From here we head northeastwards to the interesting island of Yap, our first port of call in the Federated States of Micronesia, with its strange tradition of ‘stone money’ and special birds including the impressive Micronesian Imperial Pigeon and five single island endemics; White-headed Ground-Dove, the uncommon Yap Cicadabird (split from Slender-billed), the smart Yap Monarch, Plain White-eye and Olive White-eye (or Yap Olive or Olive-coloured White-eye).
Next we come to Guam, a territory of the United States of America, but we will pause only briefly here for flight connections because the island now offers thin pickings after the devastation wrought by the introduced Brown Tree Snake.
Instead we will head north into the Commonwealth of the Northern Marianas, visiting first Saipan, where we will be concentrating on finding the majority of the Marianas endemics including Mariana Megapode, White-throated Ground-Dove, Mariana Fruit-Dove, Guam Swiftlet, White-headed Kingfisher, Nightingale Reed Warbler, Saipan Bridled White-eye and the beautiful Golden White-eye, and then Tinian (for Tinian Monarch) and Rota (for Rota Kingfisher, Mariana Crow and Rota Bridled White-eye, and Guam Rail if the introduction programme is doing well).
From the Northern Marianas we head southeast (and back into the far-flung Federated States of Micronesia) in order to explore the remote islands of Truk (or Chuuk) Lagoon, famous amongst scuba divers for the extraordinary number of wrecks that resulted from Operation Hailstone in World War II, where the specialities include Truk Monarch, Oceanic Flycatcher and Truk Great White-eye, as well as more widespread Micronesian endemics such as Caroline Islands Ground-Dove, Caroline Islands Fruit Dove, Caroline Islands Swiftlet, Caroline Islands Reed Warbler and Caroline Islands White-eye.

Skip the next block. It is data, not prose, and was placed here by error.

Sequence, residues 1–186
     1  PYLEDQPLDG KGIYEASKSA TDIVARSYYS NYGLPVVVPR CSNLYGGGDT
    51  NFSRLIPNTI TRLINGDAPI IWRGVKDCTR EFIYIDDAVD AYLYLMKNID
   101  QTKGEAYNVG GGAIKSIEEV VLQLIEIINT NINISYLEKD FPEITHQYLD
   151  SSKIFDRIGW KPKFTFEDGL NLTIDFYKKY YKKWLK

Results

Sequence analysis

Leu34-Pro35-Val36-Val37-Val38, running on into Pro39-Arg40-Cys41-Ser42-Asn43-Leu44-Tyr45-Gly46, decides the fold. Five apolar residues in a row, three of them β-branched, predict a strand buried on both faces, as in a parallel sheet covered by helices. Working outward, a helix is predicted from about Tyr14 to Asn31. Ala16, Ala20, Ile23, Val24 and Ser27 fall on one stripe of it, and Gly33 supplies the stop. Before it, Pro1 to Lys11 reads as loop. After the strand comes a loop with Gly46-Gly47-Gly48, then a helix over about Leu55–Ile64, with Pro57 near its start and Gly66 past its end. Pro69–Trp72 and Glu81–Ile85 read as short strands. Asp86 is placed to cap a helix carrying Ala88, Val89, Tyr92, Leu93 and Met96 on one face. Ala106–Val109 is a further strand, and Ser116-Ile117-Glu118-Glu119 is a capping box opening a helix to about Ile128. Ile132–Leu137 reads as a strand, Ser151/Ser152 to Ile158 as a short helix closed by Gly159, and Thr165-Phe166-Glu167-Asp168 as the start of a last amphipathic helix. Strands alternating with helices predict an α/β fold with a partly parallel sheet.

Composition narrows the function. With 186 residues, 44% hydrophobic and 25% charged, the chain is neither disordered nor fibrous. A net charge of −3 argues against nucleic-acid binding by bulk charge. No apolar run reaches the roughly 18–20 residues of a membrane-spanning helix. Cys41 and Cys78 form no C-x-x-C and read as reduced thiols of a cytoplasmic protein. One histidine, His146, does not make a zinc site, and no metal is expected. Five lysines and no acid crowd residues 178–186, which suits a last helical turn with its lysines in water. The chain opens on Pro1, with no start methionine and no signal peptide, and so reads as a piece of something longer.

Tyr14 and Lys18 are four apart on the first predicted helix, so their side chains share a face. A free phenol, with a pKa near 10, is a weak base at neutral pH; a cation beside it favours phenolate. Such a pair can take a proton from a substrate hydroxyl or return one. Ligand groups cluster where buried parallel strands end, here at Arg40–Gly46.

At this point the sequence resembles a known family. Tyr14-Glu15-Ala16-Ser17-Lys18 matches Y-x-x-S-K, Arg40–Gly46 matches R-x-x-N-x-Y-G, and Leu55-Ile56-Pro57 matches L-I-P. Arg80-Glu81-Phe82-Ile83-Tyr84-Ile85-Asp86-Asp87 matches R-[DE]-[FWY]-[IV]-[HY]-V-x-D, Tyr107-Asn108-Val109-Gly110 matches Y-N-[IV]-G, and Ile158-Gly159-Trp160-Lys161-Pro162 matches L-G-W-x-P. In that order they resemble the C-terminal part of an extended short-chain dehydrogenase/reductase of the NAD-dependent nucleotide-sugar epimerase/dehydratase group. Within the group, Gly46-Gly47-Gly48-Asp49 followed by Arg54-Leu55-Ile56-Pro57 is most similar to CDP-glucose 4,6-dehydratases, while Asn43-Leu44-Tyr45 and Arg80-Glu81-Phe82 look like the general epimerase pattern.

Finally we will head still further east to Pohnpei, where we will be wanting to see the seven single island endemics, Pohnpei Lorikeet (or Pohnpei Lory), the superb Pohnpei Kingfisher, the handsome Pohnpei Cicadabird (split from Slender-billed), Pohnpei Flycatcher, Pohnpei Fantail, Grey (or Grey-brown) White-eye and the curious Long-billed White-eye.
Birdquest has operated tours to Micronesia since 2005.
Accommodation & Road Transport: The hotels are of good or medium standard throughout. Road transport is by minibus or car. Roads are mostly good, with the exception of Truk and the mainland of Palau (but distances there are not great).
Walking: The walking effort is mostly easy, but sometimes moderate, and there will be one fairly strenuous optional hike on Pohnpei and one optional fairly strenuous hike on Mount Winipot on Tol South in Truk Lagoon.
Climate: It is typically warm or hot and humid. Some rain is likely and it can be heavy (although in theory this is the drier time of year in Micronesia).
Bird Photography: Opportunities are worthwhile.
Can be taken together with: HAWAII
Prices are provisional
Tour Price: £6870, €8590, $9620 Koror/Pohnpei.
Price includes all transportation (including the many inter-island flights as described in our itinerary, which cumulatively are very expensive because of the huge distance involved), all accommodations, all meals, bottled water, some drinks, all excursions, all entrance fees, all tips for local drivers/guides and for accommodations/restaurants, leader services.
Single Room Supplement: £996, €1245, $1394.
Deposit: £750, €950, $1050.
Air Travel To & From The Tour: Our in-house IATA ticket agency can arrange your air travel in connection with the tour from a departure point anywhere in the world, or you may arrange your own air travel if you prefer. We can tailor-make your itinerary to your personal requirements, so if you would like to travel in advance of the tour (and spend a night in an hotel so you will feel fresh when the tour starts), or return later than the end of the tour, or make a side trip to some other destination, or travel business class rather than economy, we will be happy to assist. Please contact us about your air travel requirements.